Italian-German disagreements

Human trafficking may attract a lot of media attention, but the vast majority of the money earned by organized crime comes from a spectrum of less spectacularly tragic activities such as brand piracy, tax evasion and smuggling. Experts agree that curtailing criminals' ability to launder money is just as important as arresting people for the crimes themselves - and perhaps more effective as a deterrent.

Analysts such as the government consultant Andreas Frank, himself a former Goldman Sachs banker, say that Germany has had almost no success implementing its anti-money-laundering laws. De Maiziere was at pains to suggest that recent measures, including the automatic international comparison of bank account details, would change that.

But although Germany and Italy both seek EU-wide solutions to the challenge of organized crime, they disagreed somewhat about how to proceed. Italy wants to see the creation of an EU prosecutor general and perhaps even a European version of the FBI.

"If we want to do something concrete on the European level to combat money laundering, then we need a single authority to coordinate this work," Minniti said. "The exchange of information isn't enough."

De Maiziere said that Germany's constitution would not allow the formation of a European FBI and said that better monitoring and surveillance and data sharing represented the only practical way forward. Anti-money-laundering rules have been tightened in Germany, and de Maiziere thinks that this and other legislation will improve the situation.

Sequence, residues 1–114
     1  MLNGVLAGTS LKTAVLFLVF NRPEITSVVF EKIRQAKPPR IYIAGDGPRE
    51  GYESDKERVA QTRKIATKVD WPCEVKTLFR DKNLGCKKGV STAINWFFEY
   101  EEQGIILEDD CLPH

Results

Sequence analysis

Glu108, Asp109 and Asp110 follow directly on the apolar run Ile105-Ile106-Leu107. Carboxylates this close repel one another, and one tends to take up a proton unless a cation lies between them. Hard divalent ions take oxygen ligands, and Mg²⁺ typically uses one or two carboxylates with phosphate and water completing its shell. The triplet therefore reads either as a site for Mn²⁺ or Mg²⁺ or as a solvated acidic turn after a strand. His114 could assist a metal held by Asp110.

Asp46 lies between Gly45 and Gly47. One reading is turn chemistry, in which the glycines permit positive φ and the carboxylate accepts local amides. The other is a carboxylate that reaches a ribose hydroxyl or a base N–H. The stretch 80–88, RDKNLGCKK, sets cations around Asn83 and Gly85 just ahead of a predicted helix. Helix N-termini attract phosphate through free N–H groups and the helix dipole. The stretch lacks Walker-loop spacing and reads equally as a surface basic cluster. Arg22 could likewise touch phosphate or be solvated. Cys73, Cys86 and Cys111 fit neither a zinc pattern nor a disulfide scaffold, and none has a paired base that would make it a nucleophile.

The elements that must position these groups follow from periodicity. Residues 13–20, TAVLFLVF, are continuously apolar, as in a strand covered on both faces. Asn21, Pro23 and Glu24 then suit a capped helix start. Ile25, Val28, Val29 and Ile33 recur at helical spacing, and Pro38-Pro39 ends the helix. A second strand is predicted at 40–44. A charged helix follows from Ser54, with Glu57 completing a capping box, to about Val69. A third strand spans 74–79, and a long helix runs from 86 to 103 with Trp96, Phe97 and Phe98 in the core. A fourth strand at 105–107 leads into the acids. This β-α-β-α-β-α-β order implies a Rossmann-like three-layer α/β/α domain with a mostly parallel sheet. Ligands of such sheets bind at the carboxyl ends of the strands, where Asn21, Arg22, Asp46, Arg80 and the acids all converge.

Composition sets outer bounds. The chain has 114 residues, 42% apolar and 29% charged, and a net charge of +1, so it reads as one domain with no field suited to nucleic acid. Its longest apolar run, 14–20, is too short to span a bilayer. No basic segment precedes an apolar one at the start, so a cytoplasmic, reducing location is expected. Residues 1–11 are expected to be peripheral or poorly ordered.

"The automatic comparison of bank accounts is complicated, but if we succeed in implementing it, we'll have an unprecedented level of clarity about financial transactions," said de Maiziere. "And that's the worst sort of news for tax cheats and money launderers."

Infographic about sources of illegal revenue in Germany

Drugs remain the mafia's cash cow, but syndicates are diversifying

The future will tell

Italy passed legislation making it easier for the government to seize assets earned by organized crime, and Germany has just recently followed suit, albeit with less stringent legislation. Critics have long suspected that in the past European countries have dragged their feet on the implementation of laws combating organized crime and money laundering in order to avoid damaging powerful economic interests in mainstream society.

Experts attending the conference said that they would have to wait and see whether the initiatives and priorities sketched out by de Maiziere and Minniti would actually change anything.

"I agree with Minister de Maiziere that we have to improve the legal instruments we have, before we do anything new," Arndt Sinn, Professor of European Law at Osnabrück University, told DW. "As far as the new anti-money-laundering and asset-seizure legislation is concerned, only the future will tell. Obviously Germany's old laws had serious deficiencies."

Sinn added that both the EU and Germany would have to be willing to devote additional funds to research, prevention and enforcement if they were truly serious about trying to stop the flow of money to and from organized crime.